Shelter restriction statutes are intended to support a larger legislative aim of accounting for homeless youth and to ensure that some form of administrative action be taken once they are homeless, whether by a local law enforcement agency, state social service agency, or other appropriate administrative body. For example, the Massachusetts shelter restriction statute demands that a minor's presence be reported to The Department of Social Services within 72 hours after shelter staff receives knowledge of the minor's presence at the shelter.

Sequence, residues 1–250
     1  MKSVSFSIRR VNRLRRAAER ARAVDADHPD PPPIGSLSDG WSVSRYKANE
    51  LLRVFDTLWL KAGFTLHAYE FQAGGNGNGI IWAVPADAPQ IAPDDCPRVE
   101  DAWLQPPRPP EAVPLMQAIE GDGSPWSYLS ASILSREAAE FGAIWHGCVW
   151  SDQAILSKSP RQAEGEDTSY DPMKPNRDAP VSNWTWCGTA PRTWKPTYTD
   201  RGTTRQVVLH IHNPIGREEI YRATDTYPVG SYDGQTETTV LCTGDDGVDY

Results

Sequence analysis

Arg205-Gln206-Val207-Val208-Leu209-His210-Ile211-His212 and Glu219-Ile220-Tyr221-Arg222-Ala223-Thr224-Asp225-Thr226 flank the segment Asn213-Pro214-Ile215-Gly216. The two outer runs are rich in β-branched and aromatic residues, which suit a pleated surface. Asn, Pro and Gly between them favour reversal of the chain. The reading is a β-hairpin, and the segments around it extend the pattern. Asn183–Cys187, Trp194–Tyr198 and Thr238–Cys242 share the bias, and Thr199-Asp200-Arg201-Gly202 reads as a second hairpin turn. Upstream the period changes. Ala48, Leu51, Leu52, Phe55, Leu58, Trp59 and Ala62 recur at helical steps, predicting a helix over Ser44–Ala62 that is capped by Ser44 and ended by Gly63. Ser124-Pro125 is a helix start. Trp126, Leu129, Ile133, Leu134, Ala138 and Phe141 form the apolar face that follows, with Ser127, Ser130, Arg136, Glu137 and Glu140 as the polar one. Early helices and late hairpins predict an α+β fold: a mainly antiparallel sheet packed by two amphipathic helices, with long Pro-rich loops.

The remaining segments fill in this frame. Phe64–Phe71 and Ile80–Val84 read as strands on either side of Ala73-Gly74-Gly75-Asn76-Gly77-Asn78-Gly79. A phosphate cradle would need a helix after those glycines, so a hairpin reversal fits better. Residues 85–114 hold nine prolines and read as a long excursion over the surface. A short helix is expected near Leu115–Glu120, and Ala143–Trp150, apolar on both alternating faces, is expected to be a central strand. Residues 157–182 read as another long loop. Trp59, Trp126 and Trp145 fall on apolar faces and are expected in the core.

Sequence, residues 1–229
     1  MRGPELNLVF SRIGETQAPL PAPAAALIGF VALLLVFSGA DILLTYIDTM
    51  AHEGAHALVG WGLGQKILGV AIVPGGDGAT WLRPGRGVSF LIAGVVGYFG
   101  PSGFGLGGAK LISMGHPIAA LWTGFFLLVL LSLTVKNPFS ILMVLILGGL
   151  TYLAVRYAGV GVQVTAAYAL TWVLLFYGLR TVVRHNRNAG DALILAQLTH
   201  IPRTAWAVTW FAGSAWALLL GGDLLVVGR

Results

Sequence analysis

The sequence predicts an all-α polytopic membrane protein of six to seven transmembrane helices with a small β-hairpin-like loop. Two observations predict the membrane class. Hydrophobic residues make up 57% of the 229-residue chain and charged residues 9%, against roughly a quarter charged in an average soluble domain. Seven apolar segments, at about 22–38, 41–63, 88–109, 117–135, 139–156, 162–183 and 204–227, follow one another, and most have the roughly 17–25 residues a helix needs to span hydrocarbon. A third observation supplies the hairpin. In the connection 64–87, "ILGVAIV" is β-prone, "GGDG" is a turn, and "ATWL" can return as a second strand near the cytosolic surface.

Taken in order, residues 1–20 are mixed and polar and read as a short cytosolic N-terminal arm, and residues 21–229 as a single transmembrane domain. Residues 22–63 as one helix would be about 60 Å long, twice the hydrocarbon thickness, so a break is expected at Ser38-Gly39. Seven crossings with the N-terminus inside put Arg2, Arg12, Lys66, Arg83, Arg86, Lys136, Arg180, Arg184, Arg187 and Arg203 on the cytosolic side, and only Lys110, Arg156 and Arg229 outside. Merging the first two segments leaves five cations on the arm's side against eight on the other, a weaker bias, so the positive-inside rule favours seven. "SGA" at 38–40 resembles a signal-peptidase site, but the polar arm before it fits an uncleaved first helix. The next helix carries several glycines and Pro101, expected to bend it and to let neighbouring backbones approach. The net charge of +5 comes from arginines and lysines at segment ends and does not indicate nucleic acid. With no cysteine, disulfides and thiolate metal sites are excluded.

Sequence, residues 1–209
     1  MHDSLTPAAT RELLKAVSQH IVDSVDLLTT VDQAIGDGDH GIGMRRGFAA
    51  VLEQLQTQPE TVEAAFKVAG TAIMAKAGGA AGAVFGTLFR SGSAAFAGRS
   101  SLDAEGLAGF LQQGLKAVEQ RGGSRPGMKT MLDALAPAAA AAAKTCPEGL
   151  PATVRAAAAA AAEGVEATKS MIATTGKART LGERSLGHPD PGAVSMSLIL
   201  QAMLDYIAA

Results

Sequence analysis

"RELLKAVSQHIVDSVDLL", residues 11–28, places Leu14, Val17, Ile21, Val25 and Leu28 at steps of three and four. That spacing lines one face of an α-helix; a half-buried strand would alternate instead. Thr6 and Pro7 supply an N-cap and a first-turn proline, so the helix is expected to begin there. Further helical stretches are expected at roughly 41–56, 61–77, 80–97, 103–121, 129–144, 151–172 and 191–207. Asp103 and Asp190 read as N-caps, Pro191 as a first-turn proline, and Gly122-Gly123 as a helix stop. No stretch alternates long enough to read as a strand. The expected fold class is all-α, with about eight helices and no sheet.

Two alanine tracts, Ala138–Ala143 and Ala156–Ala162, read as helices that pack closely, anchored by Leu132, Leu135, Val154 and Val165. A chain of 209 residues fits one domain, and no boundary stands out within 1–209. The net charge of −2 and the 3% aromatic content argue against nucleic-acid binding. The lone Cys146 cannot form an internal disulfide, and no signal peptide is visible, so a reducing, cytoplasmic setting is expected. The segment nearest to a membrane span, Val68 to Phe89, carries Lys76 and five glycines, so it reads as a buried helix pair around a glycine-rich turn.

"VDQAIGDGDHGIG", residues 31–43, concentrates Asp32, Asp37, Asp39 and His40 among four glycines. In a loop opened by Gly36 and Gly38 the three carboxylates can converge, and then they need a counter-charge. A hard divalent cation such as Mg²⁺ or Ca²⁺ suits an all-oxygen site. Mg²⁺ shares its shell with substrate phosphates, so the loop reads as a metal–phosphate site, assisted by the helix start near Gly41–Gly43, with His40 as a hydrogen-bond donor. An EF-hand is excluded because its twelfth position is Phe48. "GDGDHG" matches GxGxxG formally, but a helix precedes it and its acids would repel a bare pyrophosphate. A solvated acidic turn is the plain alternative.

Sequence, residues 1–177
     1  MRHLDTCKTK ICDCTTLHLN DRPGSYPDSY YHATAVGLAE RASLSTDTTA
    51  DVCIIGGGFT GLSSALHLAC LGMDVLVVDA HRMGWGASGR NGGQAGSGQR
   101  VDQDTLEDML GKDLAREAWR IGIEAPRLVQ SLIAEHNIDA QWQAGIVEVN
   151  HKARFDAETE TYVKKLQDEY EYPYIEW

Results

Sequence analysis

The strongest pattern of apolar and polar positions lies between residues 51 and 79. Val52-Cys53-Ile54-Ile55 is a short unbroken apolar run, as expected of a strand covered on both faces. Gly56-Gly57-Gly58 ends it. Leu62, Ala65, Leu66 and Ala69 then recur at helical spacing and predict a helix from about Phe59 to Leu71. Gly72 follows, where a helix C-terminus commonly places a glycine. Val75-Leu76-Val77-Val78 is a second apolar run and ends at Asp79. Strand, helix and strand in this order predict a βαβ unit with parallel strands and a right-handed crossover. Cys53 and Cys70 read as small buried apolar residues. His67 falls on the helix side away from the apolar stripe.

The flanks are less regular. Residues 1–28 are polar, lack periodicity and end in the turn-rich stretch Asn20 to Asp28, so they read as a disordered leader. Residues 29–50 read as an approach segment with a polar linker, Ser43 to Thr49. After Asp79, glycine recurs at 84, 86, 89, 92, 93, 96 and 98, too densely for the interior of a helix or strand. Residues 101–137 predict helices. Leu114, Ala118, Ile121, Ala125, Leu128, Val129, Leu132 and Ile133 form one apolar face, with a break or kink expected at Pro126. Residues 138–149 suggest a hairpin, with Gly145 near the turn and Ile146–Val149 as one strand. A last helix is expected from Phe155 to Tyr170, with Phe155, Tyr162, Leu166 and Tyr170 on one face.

Even though state legislatures may have intended otherwise, shelter restriction statutes make it harder for minors to access services in the short term. Mandatory reporting at shelters discourages homeless youth from seeking shelter services. The risk of being reported often makes youths hesitant to volunteer information about themselves, their situation, or their needs for fear that staff will report them. In addition, an extra burden is put on shelter staff to report minors, thereby decreasing the amount of homeless youth willing to enter shelters for services, or to find a way to provide services to minors without soliciting age or situation specific information from them. Some states have sanctions written into the statute itself for shelters that fail to report the minors. At the very least, shelters that fail to report minors at their facility are at risk of losing their licensing or funding.